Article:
Tonight I received an email from Borders. There’s a contest on Gather to write about how a teacher changed your life.
A recent blog posting from Brian Clark of CopyBlogger was my inspiration, 5 Grammatical Errors That Make You Look Dumb. Brian wrote the post over 2 weeks ago, but it’s been nagging at me ever since. I consistently struggle with grammar and spelling.
About the Contest: Do you know a teacher who made a difference? Borders and Gather would like to hear your story so we can share it with others and celebrate the wonderful work that teachers do every single day. Borders will select four finalists to receive a $50 Borders Gift Card and on one lucky winner to receive a $250 Borders Gift Card.
During the day I reflect on what I’ve read, learned and accomplished. On my drive home, I’m usually collecting those thoughts in my head and organizing them to write on my blog. By the time I actually sit down to write, the content is ready to explode. I tend to write in ‘streams of consciousness’. I can’t type fast enough… so my sentences and paragraphs tend to be erratic and jump around.
Invariably, I leave a few mistakes. I save the post as a draft. I read the draft. I proof-read the draft. I fix mistakes and republish the draft over and over. Finally, I publish the post… and proof it again. Even though I take great care, I’ll still leave one of those mistakes that ‘makes me look dumb’.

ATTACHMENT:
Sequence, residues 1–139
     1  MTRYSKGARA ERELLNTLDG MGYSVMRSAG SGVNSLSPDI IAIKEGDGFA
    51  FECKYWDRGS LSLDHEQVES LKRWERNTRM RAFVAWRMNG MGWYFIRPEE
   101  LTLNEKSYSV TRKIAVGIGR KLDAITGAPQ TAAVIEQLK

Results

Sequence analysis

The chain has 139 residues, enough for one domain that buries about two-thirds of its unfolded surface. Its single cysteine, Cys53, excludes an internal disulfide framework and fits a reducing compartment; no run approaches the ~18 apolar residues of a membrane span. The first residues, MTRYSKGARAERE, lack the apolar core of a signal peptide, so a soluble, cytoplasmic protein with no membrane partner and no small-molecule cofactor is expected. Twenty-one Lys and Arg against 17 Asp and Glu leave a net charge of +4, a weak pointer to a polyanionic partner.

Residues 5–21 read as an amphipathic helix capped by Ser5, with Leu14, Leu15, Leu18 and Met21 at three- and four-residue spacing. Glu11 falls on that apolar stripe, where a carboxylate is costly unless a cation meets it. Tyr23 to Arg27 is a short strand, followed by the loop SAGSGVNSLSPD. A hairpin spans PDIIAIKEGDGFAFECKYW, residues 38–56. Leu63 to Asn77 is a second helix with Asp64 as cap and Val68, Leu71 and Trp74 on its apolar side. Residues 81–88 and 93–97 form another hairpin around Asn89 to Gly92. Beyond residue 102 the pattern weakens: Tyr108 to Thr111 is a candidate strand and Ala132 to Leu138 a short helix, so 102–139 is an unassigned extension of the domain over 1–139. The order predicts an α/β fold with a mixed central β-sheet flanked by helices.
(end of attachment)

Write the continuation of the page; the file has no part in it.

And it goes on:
But it won’t stop me from writing. I refuse to let it.
The Gather project inspired me to write about my 8th grade English teacher, Mrs. Rae-Kelly. If you don’t take a minute or two to read the post, I’ll fill you in. At that point in my life I was totally unsure of myself and desperately needed someone to provide me with a reason to gain some respect for myself.
Rather than focus on my terrible writing, spelling, and grammar, Mrs. Rae-Kelly scoured my work to find what was good rather than bad. By concentrating on the positive, I wanted to learn and produce great work for Mrs. Rae-Kelly. I would review my work for the mistakes made in the past and make every effort not to make them again.
Mrs. Rae-Kelly knew how to inspire and build self-esteem in her students. That’s rare for both teachers and leaders in this day and age. I know that Brian didn’t write the post to ‘make me look dumb’ but it sure did (and still does) bother me. My hope to you folks that are thinking about blogging or are blogging is that articles like this don’t discourage you.
NOTE: Brian’s blog is one of the best on the net. It’s a fantastic resource and has helped me to improve my writing and copy writing skills immensely. It’s a happy and positive blog and would never be used to discourage writers… quite the opposite is true!
I can’t speak for all bloggers, but I will forgive you for your mistakes and hope you’ll forgive me for mine. I’m not reading your blog because I’m trying to find your errors – I’m reading it because I am learning from you or enjoying your writing. At the same time, I hope you’ll take the time to fill out my contact form if “I look dumb”. I won’t ever get upset… one of my readers had to explain to me three times in an email when I wrote advise instead of advice (argh!).
I believe that my grammar and spelling skills are improving. I understand that, for some readers, mistakes like those hurt my credibility and reputation so I am working hard to improve them. Hopefully, you cut me some slack and focus on the message and not the mistakes!
Good teachers correct their pupils, great pupils encourage them. You can substitute leader, coach, priest, parent or blogger in place of teacher and it holds true.